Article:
“Scandal Above Stairs” by Jennifer Ashley

36439828A little while ago, I got a message on Goodreads from a lovely person named Jessica at Berkley Publishing Group asking if I would be interested in an ARC of the second book in Jennifer Ashley’s ‘Below Stairs’ series.

Would I?

I would! I was! And it was like Christmas come again when I got the book in the mail!

And for all that I loved the first book, Death Below Stairs (it’s amazing, go read it now!), I love this second book, Scandal Above Stairs, even more! Is that possible? Yes!

Am I using too many exclamation points? Probably, but don’t hold your breath for me to stop because this book is worth every maybe annoying punctuation mark!

Back in the first book, we meet Kat Holloway, a cook in one of the fancier homes in London while Queen Victoria reigns in England. Kat is in her late twenties, early thirties, I’d say – old enough to have a ten year old daughter but young enough to be considered a young upstart by the older cooks in aristocratic London and the more experienced members of the staff at her own house. Kat is sassy and smart and steady to the core. Cooking is her job, and she takes it very seriously, but she’s as good at everything as any man.

And this is exactly what Daniel McAdam, a mysterious jack-of-all-trades tells her and anyone who will listen when he lays out all the reasons he admires and respects her.

Kat and Daniel don’t get the happily ever after I very much wanted them to have at the end of Death Below Stairs but… that’s absolutely fine with me.


Because that meant there would be a second book, of course!

It’s only been about six months since I read Death Below Stairs and getting back into Kat’s world, about six months later in the story, was like catching up with old friends. Kat, Daniel, Mr. Thanos, Lady Cynthia, Davis, James… I missed them! And I got to meet Tess in this story so that’s even better!

But anyway…

In Scandal Above Stairs, somebody is stealing all sorts of antiquities from the fancy homes of London and, as before, the gossip flows freely through the grapevine of the downstairs staffs. Kat, however, is pulled in more when Lady Cynthia specifically requests that she help figure out the mystery as one of Lady Cynthia’s dearest friends has been repeatedly victimized by the thieves.

Things take an absolutely delightful turn when Kat not so subtly plays matchmaker with the mens’ suit wearing Lady Cynthia and the fish-out-of-water Elgin Thanos. Cynthia and Elgin may be the pairing I ship hardest in this book!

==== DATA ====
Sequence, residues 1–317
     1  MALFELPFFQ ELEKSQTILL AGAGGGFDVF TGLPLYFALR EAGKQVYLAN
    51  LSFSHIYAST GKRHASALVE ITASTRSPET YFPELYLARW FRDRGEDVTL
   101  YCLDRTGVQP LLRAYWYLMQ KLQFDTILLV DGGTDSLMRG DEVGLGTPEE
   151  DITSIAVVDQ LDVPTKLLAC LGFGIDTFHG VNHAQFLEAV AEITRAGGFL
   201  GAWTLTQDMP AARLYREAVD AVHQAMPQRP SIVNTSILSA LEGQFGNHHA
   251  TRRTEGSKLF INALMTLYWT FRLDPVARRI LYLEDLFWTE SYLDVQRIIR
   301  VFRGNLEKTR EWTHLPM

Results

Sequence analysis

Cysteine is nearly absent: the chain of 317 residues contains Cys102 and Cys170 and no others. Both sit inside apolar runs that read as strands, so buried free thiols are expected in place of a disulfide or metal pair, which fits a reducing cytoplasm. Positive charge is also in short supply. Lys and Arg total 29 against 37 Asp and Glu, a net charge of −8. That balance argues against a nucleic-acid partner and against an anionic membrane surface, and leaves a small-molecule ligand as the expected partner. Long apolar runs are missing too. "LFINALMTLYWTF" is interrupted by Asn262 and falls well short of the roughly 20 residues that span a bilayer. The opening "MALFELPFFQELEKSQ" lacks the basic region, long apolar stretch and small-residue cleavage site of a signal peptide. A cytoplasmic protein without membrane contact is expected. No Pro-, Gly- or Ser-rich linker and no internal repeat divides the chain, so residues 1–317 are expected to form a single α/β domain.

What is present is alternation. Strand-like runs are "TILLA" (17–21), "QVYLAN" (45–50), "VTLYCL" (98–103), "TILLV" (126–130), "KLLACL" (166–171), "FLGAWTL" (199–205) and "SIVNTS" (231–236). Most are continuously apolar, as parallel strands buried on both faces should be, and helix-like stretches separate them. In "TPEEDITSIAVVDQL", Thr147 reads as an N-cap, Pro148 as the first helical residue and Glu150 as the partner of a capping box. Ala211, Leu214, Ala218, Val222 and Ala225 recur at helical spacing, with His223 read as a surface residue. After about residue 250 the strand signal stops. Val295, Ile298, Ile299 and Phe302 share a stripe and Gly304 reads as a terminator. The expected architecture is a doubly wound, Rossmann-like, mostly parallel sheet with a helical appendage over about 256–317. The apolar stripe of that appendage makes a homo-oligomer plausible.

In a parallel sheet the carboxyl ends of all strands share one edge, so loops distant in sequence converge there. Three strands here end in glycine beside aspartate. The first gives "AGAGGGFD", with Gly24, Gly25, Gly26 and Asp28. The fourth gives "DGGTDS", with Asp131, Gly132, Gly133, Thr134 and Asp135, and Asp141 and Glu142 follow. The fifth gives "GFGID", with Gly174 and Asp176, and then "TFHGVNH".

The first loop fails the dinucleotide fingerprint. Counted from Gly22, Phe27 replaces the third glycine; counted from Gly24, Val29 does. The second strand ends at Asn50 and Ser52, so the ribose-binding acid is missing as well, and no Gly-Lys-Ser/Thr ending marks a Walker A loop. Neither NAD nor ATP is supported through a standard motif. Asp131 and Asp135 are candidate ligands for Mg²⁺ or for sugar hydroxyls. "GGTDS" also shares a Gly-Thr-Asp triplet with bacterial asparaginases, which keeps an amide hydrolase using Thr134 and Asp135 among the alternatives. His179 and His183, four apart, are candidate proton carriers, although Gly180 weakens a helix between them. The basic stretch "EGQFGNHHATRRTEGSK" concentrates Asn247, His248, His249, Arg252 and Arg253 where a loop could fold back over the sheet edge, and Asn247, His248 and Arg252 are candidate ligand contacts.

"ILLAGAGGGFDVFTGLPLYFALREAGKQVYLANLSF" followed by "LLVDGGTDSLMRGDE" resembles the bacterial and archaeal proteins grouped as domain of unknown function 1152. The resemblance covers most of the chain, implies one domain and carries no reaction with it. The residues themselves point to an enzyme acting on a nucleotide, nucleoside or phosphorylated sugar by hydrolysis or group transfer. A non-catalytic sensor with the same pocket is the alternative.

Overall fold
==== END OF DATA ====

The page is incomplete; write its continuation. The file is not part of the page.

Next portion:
Tess Parsons, the new girl in this story, is brilliant in her role as a sort of surrogate daughter, cook’s assistant to Kat and I very much love the story more for her being there.

But then… then Daniel starts opening up to Kat about his history! Tiny bits at a time but enough that it makes absolute sense when Kat stuns him with the declaration that she would adopt his son James if anything ever happened to Daniel.

The mystery gets solved of course, because Kat and Daniel think in tandem even when they aren’t in speaking range of each other. And the twist is fantastic and perfect for the history lover in me (think mummies!) but to explain more would be to spoil the book and, let’s be honest, I really want you to read the book! We’ll talk details after you do!

I will say that even though it is a mystery and has a whodunit theme, that is not the overriding theme of Jennifer Ashley’s book. I couldn’t have predicted who was behind it and all and, to be honest, I didn’t really try. I was having way too much fun just reading!

A final thing to mention about these books about Kat Holloway? They’ll make you hungry! The way Jennifer Ashley describes the food Kat cooks, the way she writes Kat talking about food… it’s heavenly. It’s a whole new reason to want to time travel back to Victorian England, only this time I want to go below stairs and sample food like Tess does throughout this story!

As far as happily ever after goes… it’s getting there. For Kat and Daniel, for Cynthia and Elgin. It’s getting there. Possibly I’m unwilling to commit because I’m daring to hope and dream that there will be more to the story of Kat Holloway. It’s not a bad thing to dream of, really. Unless it doesn’t come. Then I will be incredibly sad.